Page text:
Semaglutide Reduces Need for Diuretics in Heart Failure

Medication also has beneficial effect on change in body weight across diuretic use categories
Semaglutide Reduces Need for Diuretics in Heart Failure
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Medically Reviewed By:
Mark Arredondo, M.D.

THURSDAY, May 16, 2024 (HealthDay News) -- Semaglutide reduces the need for loop diuretics and has positive effects on symptoms, physical limitations, and body weight in patients with heart failure with preserved ejection fraction (HFpEF), regardless of diuretic use, according to a study presented at the European Society of Cardiology Heart Failure 2024, held from May 11 to 14 in Lisbon, Portugal.

Kavita Sharma, M.D., from the Johns Hopkins University School of Medicine in Baltimore, and colleagues used data from 1,145 participants in a multisite, international trial, in which participants with obesity-related HFpEF were randomly assigned (1:1) to once-weekly semaglutide (2.4 mg) or placebo for 52 weeks.

The researchers found that semaglutide improved the Kansas City Cardiomyopathy Questionnaire Clinical Summary Score in all diuretic subgroups, but the magnitude of improvement was greater in patients receiving loop diuretics versus those not on loop diuretics (adjusted mean difference of 9.3 versus 4.7 points, respectively). Semaglutide had a consistent beneficial effect on percentage change in body weight across diuretic use categories (adjusted mean difference ranged from −8.8 to −6.9 percent for no diuretics to the highest loop diuretic dose category). There were consistent beneficial effects for semaglutide on all secondary efficacy end points (including six-minute walk distance) across diuretic subgroups.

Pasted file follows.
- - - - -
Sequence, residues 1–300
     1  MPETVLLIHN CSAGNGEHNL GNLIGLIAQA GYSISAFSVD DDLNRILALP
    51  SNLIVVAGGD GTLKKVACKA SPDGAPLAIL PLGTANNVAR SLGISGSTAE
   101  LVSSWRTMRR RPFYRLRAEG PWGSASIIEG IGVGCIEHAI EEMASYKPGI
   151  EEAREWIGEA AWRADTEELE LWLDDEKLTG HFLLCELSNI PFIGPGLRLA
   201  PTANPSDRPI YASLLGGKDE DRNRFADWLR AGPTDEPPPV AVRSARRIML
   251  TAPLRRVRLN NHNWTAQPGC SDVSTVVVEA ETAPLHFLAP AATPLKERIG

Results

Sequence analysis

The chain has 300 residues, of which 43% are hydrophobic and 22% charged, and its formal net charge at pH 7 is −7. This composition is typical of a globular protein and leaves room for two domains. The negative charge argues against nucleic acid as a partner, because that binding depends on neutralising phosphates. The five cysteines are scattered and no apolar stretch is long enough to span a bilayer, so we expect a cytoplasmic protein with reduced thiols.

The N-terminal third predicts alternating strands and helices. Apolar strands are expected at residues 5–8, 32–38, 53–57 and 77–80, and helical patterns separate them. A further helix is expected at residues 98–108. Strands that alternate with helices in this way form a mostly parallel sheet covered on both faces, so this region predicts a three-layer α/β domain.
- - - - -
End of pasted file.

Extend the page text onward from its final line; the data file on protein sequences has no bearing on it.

"There was evidence of a significant reduction in average loop diuretic dose, a lower likelihood of diuretic treatment escalation, and a greater likelihood of diuretic treatment de-escalation with semaglutide versus placebo -- parameters that indicate disease-modifying effects of semaglutide -- and are associated with better long-term clinical outcomes in this patient population," Sharma said in a statement.

The study was funded by Novo Nordisk, and one author disclosed ties to the pharmaceutical industry.

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